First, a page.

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Château Giscours (Margaux AOC): This Classified Growth in 1855 is the first label of Château Giscours. It is of great finesse and elegance. Delicacy and power are combined in this flask to bring you the elegance expected of a great Margaux wine. The aging potential of this great wine is between 8 and 20 years or even more for the most exceptional vintages.
“A great wine is not the work of one man, it is the result of a tradition that is upheld and refined”, wrote Paul Claudel
This tradition, inseparable from the greatest wines in the Medoc has passed down the generations at Giscours.
In recent years, a young dynamic team has combined this ancestral expertise with the latest technology: the team takes a permanent care of the vines with the passing seasons, hand-picked harvests are the subject of special attention, and plot by plot management is constantly refined with substantial investments in the vineyards…
Ensuring that the best grape varieties are matched with the extraordinary terroir, providing the vital link to this fabulous alchemy, the men of Giscours have only one guiding principle: a growing quality, making it consistent and inherent to this great wine…
The 1996s stand as a “classic” Bordeaux year, although – as Jancis Robinson MW has written – not in the “skinny” sense; although Farr Vintners’ director, Tom Hudson, told the drinks business that it was perhaps a “very good” rather than a “truly great” year as it wasn’t uniformly excellent across the region.
By way of a recap, 1996 was a particularly sterling vintage for Médoc wines. The Berry Bros & Rudd website extolls: “This is one of the great post-war vintages for Médoc Cabernet-based wines. They are rich, complex and beautifully balanced wines, packed with ripe, pure fruit and have the structure that will allow the top wines to age well into the next decade and beyond.”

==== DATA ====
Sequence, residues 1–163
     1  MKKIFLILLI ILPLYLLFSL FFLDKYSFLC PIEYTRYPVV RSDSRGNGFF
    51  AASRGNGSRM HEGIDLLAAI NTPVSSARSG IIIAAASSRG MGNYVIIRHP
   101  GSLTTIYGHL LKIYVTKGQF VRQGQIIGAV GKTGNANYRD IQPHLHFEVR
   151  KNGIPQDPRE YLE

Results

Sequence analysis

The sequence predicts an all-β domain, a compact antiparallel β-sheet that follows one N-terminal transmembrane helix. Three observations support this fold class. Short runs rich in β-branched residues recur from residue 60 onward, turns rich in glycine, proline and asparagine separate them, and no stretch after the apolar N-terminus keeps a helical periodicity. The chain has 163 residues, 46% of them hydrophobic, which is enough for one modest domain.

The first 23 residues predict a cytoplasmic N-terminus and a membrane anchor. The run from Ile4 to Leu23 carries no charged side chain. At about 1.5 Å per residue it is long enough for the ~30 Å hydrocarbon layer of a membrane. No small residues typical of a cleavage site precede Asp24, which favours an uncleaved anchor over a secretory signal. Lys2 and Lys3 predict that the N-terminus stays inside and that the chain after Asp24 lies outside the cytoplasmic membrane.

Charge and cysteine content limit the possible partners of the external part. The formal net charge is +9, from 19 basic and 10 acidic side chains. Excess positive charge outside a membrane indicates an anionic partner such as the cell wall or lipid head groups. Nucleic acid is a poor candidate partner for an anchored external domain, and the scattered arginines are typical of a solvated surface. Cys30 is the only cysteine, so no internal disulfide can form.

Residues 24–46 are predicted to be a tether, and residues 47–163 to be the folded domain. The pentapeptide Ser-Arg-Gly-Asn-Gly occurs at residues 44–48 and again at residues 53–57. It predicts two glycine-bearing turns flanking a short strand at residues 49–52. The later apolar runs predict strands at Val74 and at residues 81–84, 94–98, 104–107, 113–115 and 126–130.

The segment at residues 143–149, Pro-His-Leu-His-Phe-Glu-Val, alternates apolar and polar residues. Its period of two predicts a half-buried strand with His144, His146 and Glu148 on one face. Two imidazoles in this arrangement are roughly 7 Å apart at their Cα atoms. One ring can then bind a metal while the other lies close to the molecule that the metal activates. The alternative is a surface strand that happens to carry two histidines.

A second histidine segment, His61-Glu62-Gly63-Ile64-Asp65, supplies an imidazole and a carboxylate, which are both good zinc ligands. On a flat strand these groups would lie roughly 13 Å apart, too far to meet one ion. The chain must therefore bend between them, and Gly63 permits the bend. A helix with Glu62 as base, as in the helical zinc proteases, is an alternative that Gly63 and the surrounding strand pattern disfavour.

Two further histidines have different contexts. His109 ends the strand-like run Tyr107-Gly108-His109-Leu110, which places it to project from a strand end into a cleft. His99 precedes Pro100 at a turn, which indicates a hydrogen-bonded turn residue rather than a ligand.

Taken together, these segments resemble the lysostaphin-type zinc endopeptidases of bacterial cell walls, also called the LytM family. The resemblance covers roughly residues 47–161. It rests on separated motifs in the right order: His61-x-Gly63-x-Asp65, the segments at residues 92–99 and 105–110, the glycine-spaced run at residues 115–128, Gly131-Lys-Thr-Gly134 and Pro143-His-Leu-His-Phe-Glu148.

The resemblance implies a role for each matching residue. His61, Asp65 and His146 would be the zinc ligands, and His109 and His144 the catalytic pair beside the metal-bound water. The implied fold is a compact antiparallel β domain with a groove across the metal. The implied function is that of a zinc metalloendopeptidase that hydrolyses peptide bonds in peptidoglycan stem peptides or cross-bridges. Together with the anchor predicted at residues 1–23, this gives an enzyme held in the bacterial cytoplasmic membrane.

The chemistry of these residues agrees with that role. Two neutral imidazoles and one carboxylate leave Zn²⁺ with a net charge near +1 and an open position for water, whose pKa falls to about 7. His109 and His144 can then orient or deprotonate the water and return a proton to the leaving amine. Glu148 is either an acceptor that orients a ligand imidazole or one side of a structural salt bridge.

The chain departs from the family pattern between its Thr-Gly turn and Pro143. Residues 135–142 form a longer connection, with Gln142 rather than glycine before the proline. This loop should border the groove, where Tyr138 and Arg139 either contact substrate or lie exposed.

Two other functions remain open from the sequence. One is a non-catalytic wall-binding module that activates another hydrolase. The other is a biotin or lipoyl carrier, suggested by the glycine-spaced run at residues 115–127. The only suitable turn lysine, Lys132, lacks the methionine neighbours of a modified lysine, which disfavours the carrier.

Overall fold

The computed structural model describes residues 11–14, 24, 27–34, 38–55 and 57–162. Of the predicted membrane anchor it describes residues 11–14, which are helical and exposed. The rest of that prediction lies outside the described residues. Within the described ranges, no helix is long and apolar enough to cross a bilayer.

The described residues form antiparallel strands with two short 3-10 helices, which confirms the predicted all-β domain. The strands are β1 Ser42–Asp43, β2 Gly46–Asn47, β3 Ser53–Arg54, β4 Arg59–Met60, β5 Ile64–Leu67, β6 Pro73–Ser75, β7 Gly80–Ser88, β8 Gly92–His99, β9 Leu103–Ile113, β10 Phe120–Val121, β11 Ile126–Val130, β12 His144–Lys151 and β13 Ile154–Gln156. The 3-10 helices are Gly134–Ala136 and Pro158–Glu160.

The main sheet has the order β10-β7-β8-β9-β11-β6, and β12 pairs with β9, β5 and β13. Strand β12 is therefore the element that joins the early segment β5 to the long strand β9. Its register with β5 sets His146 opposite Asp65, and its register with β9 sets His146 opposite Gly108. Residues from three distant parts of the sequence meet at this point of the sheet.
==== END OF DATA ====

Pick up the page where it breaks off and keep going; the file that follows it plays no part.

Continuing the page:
The Right Bank by contrast are described as “distinguished” but “overshadowed” by the ‘95s – which was an especially good vintage for Saint Emilion and Pomerol.
It was also an excellent vintage for white Bordeaux.
Robert Parker’s scores tend to favour the Left Bank, though a few of the very best wines of the Right Bank received very respectable reviews as well.
Only two wines received 100-points: Lafite and Latour, Margaux was rated 99, Léoville Las Cases 98, Ducru Beaucaillou 96 and Pichon-Comtesse 96.
La Mondotte was the highest rated Right Bank wine on 97-points, Ausone was the next best rated on 93 as was L’Eglise Clinet, while Gomerie, Petrus and Le Pin settled for 92 and Cheval Blanc for 90.
With the passage of nearly 20 years, the wines have naturally appreciated and now that they are well into their drinking window demand will almost certainly begin to push prices up even further for the most in-demand among them.
The figures are often impressive, to date Lafite has seen a rise of 657.9% since its release, its second wine Carruades is up 592%, Latour has risen 437%, Petrus 400% and Pichon Baron 240%.